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Yasushi Tomiyama

【#616】Japan’s Insufficient Explanation to U.S. on South Korea Policy

Yasushi Tomiyama / 2019.09.03 (Tue)

September 2, 2019


The U.S. government has taken a definite position of strongly criticizing South Korean President Moon Jae In for deciding to terminate the General Security of Military Information Agreement with Japan, known as GSOMIA, in a manner to spread Seoul’s dispute with Tokyo to the military and security field. However, the U.S. Trump administration and congressional leaders may have yet to sufficiently understand Japan’s assertions regarding its deteriorating relations with South Korea. Tokyo is required to make more efforts to deepen Washington’s understanding about Japan’s position.

Washington objecting Seoul’s decision to end GSOMIA

“We are deeply disappointed and concerned,” U.S. State Department spokeswoman Morgan Ortagus said in the Trump administration’s official response to Seoul’s decision to end GSOMIA that has been useful for Japan and South Korea for sharing information primarily about North Korea’s military movement. The South Korean decision would “increase risk to U.S. forces,” she said.

Randall Schriver, assistant secretary of defense for Indo-Pacific security affairs, said in a speech, “We are concerned it may reflect serious misapprehension on the part of the Moon administration regarding the serious security challenges we face in Northeast Asia.” He called on Seoul to withdraw the decision.

At the just-ended Group of Seven summit in France, U.S. President Donald Trump branded Moon as unreliable, quoted North Korean leader Kim Jong Un as describing Moon as a liar and questioned why such person became president, according to multiple Japanese media reports. Trump might have indicated that he would not forgive anyone making a decision to pose danger to U.S. forces.

In a statement, U.S. House Foreign Affairs Committee Chairman Eliot L. Engel, a Democrat from New York, said he was “deeply concerned” about Seoul’s decision to terminate GSOMIA. “It is irresponsible to allow the escalating tensions to hinder practical national security-oriented cooperation,” he said, condemning Moon for the decision.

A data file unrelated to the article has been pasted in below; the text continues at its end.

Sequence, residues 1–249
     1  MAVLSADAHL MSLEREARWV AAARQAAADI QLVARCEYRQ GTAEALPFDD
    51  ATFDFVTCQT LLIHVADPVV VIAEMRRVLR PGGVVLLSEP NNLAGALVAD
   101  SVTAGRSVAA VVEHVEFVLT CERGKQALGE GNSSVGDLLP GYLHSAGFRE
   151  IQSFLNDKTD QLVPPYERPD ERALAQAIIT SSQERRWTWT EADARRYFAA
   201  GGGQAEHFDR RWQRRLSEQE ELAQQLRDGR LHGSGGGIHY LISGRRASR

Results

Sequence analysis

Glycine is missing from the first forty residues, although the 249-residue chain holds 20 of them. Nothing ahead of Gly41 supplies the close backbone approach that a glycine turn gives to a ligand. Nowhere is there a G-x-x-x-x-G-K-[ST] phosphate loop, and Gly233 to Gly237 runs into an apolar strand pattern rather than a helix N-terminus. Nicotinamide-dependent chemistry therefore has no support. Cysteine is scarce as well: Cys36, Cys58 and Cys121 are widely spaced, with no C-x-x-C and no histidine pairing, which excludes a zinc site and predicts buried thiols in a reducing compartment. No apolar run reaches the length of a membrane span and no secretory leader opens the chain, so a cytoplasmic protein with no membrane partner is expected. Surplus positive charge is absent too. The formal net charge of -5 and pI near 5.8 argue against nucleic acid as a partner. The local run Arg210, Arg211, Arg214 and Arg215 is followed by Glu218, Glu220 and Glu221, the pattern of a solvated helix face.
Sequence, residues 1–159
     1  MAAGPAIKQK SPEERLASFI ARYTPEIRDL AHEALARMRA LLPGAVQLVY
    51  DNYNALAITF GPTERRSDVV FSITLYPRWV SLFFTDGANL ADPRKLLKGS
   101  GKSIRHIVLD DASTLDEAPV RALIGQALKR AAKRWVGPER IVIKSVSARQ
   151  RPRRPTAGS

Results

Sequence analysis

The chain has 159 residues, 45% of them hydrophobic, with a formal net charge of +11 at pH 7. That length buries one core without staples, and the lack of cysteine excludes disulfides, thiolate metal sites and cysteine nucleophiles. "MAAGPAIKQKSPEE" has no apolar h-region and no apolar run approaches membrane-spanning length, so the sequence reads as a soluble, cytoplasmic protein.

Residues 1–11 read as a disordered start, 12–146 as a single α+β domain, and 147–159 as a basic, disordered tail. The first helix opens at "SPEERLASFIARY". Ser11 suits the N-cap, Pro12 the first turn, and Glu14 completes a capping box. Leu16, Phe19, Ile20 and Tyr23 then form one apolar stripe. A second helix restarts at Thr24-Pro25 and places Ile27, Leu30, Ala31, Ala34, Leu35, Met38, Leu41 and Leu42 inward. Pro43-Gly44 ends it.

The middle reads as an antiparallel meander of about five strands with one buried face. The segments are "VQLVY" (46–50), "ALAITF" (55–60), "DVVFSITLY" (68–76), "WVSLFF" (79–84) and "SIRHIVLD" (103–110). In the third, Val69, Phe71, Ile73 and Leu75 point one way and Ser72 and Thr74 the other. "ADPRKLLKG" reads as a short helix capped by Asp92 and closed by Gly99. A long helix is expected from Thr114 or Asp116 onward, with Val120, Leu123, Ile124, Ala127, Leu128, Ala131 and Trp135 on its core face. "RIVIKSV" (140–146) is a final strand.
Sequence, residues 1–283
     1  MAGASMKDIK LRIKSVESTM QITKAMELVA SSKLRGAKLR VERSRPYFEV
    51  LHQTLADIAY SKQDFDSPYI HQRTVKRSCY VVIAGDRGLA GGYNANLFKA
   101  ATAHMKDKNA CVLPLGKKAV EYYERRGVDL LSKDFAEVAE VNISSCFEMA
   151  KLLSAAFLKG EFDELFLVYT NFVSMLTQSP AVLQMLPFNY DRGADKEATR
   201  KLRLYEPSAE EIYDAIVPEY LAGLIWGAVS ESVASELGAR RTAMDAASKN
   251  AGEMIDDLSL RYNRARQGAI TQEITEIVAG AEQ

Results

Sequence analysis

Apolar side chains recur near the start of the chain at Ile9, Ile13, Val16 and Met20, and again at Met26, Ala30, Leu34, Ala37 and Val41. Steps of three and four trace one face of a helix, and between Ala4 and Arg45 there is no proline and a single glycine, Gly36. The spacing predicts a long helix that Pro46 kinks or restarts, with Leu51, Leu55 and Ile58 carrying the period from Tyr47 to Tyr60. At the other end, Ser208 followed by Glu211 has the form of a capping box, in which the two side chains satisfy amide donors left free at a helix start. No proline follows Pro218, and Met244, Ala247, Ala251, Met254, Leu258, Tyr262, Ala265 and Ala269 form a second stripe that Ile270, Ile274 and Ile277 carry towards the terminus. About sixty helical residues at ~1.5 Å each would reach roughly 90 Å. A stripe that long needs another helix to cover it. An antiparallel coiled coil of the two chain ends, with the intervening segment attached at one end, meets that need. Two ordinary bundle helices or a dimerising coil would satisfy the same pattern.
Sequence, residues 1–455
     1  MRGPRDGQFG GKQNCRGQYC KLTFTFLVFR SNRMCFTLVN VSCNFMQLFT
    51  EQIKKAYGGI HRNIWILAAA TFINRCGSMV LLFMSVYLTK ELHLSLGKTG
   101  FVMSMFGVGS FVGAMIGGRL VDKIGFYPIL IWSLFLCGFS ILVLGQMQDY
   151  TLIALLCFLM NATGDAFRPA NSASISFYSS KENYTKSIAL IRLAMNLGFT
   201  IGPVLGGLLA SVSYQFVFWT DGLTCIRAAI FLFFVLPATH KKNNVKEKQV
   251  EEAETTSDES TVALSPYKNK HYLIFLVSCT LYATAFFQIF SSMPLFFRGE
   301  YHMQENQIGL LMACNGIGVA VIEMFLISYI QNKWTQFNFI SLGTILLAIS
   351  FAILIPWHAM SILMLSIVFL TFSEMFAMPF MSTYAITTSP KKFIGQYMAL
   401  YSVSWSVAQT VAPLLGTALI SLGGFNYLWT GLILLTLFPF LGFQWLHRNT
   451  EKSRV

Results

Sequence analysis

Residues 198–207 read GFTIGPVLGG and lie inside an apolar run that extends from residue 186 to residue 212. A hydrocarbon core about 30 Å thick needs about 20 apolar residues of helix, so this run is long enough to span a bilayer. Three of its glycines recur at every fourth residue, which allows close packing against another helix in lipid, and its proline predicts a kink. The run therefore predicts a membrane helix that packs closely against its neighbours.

U.S. falls short of understanding Japan’s toughened export control

However, it should be noted that the U.S. does not necessarily side with Japan over the broader Japan-South Korea dispute. Washington has remained neutral over Japan’s exclusion of South Korea from a list of countries subject to preferential treatments regarding export control, which has led South Korea to take a similar action against Japan.

Schriver said that the Japanese and South Korean measures to strengthen export control against each other might have been “politically motivated.” “I think our preference would be that they, in fact, do remove one another and return to a more normal trading relationship,” he said.

Tokyo has explained that its decision to toughen export control came because Seoul refused to hold bilateral talks for appropriate export control and had “inadequate cases” regarding export control and that the decision was not a countermeasure or retaliatory action against the Moon administration’s inaction on South Korean Supreme Court rulings ordering Japanese companies to compensate former South Korean workers for their wartime labor in Japan. Shriver’s mentioning of political motivation apparently indicates that Tokyo’s explanation has failed to spread throughout the Trump administration.

“It is disappointing to see that the Japanese government has chosen to retaliate against South Korea using trade actions,” Engel said in his earlier statement, indicating that he took the Japanese export control action as a retaliation.

I wonder if the Japanese embassy in Washington has been shrewd enough in explaining the government’s position to have the Trump administration and Congress fully understand it.

Yasushi Tomiyama is a senior research fellow and Planning Committee member at the Japan Institute for National Fundamentals and a former foreign news editor and bureau chief in Washington, D.C., London and Bangkok for the Jiji Press.